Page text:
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Slow Transactions

This page will display the transaction of the selected type that are currently stored in the memory that have a run time that is longer than the threshold limit (8 seconds by default).

The Slow Requests page shows a list of currently running and finished requests which have taken longer to run than the current Slow Request Threshold (which is defined on the Request+Settings

Slow Transaction Page

Slow Running Transactions Table

This page is useful if there are a very large number of requests running on the server, so that you can filter and only display long running requests.

Name Description
Started The time and date at which the transaction started.
Status / Type The status of the transaction and its transaction type.
App / Txn The application in which the request occurred from or to.
ID / Thread The transaction ID and the name of the thread which is servicing the transaction.
Description / URL / Statement This column will contain the location and details of the transaction. Depending on the flavor of the transaction, you will see either Description, URL or Statement.
Time (ms) The time that the transaction took to complete. If available then you will also see the amount of actual CPU time that this transaction used below it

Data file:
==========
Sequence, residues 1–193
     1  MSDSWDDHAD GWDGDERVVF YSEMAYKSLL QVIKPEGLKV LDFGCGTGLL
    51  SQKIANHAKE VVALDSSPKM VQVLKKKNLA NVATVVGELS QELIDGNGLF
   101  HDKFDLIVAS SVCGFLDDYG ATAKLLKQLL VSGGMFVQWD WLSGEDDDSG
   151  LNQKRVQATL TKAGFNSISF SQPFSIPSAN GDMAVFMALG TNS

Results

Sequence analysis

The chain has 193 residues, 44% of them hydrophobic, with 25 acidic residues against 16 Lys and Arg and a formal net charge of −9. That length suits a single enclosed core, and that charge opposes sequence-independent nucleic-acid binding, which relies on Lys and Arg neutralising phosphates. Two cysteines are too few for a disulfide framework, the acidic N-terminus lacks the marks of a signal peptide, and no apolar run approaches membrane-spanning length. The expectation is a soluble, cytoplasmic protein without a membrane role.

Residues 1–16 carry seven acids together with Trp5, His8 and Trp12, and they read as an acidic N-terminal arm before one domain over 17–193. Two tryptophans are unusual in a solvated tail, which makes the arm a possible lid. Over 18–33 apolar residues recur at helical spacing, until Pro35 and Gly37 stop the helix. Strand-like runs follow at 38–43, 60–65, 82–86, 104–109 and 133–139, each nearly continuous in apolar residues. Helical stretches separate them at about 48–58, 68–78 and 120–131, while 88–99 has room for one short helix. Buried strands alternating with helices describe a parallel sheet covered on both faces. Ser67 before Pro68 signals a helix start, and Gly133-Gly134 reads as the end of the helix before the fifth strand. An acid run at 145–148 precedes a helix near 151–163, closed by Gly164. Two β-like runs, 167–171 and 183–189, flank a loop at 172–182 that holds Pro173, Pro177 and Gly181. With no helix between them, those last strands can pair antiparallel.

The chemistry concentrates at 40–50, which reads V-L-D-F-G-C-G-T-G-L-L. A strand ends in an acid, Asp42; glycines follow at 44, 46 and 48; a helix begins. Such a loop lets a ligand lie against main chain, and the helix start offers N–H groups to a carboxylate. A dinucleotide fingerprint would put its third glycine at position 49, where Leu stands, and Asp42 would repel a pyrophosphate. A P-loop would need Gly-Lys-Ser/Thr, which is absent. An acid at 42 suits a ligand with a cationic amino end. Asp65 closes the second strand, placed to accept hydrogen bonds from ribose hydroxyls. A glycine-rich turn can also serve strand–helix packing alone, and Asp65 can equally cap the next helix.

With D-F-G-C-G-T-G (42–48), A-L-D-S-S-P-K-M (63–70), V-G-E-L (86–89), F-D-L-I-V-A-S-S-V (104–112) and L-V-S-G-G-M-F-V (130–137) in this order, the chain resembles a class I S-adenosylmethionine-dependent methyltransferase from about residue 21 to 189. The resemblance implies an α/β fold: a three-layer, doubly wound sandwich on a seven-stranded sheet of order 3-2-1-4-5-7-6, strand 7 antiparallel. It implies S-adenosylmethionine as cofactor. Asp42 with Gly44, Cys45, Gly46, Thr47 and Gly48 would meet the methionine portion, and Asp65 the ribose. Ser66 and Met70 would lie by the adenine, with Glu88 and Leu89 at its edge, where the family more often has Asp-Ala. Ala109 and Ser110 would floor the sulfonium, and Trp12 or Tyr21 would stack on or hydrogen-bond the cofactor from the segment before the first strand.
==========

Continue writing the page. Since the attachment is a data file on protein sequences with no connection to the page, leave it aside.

Slow Finished Transactions Table

The slow finished transactions table has the following columns:

Name Description
Finished The time and date at which the transaction finished.
Status / Type The status of the transaction and its transaction type.
App / Txn The application in which the request occurred from or to.
ID / Thread The transaction ID and the name of the thread which is servicing the transaction.
Description / URL / Statement This column will contain the location and details of the transaction. Depending on the flavor of the transaction, you will see either Description, URL or Statement.
Time (ms) The time that the transaction took to complete. If available then you will also see the amount of actual CPU time that this transaction used below it

Sorting Slow Transactions

You can change the order in which transaction are displayed on this page by clicking on any of the column titles. Clicking on a title for a second time will reverse the order on that column.

There are filters present at the top of the page, and you are able to switch between active transactions and all transactions running. 

Name Description Default
Apps The application you wish to view All Apps
Transaction The type of transaction you wish to view (e.g. Root Transactions, All Transaction or specific types like WebRequest, JDBC Requests, etc.) Root Transactions
SubFlavor The type of requests you wish to view (e.g. GET, POST, Create, Insert, etc.) All SubFlavors
View Allows you to view only transactions that are either 'Active' or 'All' Active

This allows you to get a better overview of your applications and which transactions have taken the longest time to complete.

Root Transactions are all top level root transactions, i.e. they have no parent transactions.  They normally mean that this is the start of some operation which FusionReactor tracks.

All Transactions are all the transactions which FusionReactor tracks, this includes Root Transactions and all the child / sub transactions.

Managing Requests